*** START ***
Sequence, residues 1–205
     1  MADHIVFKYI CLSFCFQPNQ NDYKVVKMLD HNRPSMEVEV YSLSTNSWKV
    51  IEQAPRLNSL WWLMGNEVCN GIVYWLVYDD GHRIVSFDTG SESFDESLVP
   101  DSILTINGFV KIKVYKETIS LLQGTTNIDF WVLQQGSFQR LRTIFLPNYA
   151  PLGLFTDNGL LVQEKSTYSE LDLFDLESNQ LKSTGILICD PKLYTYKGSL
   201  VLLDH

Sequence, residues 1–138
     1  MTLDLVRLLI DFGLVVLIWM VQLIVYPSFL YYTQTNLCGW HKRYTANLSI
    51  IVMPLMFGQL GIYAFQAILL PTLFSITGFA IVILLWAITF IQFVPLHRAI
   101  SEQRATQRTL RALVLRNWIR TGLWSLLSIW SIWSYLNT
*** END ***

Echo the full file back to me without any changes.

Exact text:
Sequence, residues 1–205
     1  MADHIVFKYI CLSFCFQPNQ NDYKVVKMLD HNRPSMEVEV YSLSTNSWKV
    51  IEQAPRLNSL WWLMGNEVCN GIVYWLVYDD GHRIVSFDTG SESFDESLVP
   101  DSILTINGFV KIKVYKETIS LLQGTTNIDF WVLQQGSFQR LRTIFLPNYA
   151  PLGLFTDNGL LVQEKSTYSE LDLFDLESNQ LKSTGILICD PKLYTYKGSL
   201  VLLDH

Sequence, residues 1–138
     1  MTLDLVRLLI DFGLVVLIWM VQLIVYPSFL YYTQTNLCGW HKRYTANLSI
    51  IVMPLMFGQL GIYAFQAILL PTLFSITGFA IVILLWAITF IQFVPLHRAI
   101  SEQRATQRTL RALVLRNWIR TGLWSLLSIW SIWSYLNT